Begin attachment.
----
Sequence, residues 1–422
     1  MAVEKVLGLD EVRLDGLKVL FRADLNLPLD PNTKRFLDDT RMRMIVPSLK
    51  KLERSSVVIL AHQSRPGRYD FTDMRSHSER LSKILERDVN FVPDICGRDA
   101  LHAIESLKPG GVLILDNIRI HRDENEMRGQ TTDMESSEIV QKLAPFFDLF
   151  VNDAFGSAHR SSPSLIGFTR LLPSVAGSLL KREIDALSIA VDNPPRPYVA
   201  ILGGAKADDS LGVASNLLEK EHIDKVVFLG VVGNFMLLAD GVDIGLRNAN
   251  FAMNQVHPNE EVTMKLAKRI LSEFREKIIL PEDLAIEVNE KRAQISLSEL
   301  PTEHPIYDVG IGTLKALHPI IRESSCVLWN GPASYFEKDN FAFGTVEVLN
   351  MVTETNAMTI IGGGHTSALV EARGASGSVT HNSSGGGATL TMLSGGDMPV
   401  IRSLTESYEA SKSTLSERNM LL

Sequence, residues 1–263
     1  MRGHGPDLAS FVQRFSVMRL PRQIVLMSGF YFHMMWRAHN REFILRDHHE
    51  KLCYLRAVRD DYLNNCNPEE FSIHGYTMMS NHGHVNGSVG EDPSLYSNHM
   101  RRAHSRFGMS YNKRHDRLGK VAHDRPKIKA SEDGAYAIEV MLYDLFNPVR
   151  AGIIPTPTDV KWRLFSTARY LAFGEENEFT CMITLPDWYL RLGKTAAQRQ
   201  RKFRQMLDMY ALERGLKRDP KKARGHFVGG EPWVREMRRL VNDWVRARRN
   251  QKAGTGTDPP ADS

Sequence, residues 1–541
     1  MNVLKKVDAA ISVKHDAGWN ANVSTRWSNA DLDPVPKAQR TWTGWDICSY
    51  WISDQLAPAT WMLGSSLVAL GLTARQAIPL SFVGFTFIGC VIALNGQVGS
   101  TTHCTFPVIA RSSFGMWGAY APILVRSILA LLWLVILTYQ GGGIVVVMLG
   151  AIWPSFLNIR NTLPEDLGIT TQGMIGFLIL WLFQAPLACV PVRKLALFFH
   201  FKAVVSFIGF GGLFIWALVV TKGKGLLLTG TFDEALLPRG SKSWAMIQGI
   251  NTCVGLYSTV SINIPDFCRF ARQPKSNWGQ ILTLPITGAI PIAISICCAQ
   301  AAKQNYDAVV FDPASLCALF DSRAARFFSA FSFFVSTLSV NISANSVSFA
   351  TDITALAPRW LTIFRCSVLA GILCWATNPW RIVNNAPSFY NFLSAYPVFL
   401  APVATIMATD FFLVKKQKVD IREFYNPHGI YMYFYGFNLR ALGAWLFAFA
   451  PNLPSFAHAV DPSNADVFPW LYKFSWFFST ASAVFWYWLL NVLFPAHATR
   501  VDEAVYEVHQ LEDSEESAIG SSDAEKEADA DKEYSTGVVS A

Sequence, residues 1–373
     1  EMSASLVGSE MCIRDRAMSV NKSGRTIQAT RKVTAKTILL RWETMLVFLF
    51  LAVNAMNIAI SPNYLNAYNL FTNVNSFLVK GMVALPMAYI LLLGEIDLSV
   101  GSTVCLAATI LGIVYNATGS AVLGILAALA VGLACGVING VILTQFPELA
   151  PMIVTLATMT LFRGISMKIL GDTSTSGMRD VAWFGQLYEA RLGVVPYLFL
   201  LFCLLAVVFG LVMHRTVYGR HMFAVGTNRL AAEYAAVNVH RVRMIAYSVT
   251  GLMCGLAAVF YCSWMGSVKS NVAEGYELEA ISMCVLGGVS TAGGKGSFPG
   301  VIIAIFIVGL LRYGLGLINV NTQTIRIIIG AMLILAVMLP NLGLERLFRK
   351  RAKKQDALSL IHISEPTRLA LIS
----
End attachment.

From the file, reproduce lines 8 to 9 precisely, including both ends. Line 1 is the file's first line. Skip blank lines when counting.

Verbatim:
   301  PTEHPIYDVG IGTLKALHPI IRESSCVLWN GPASYFEKDN FAFGTVEVLN
   351  MVTETNAMTI IGGGHTSALV EARGASGSVT HNSSGGGATL TMLSGGDMPV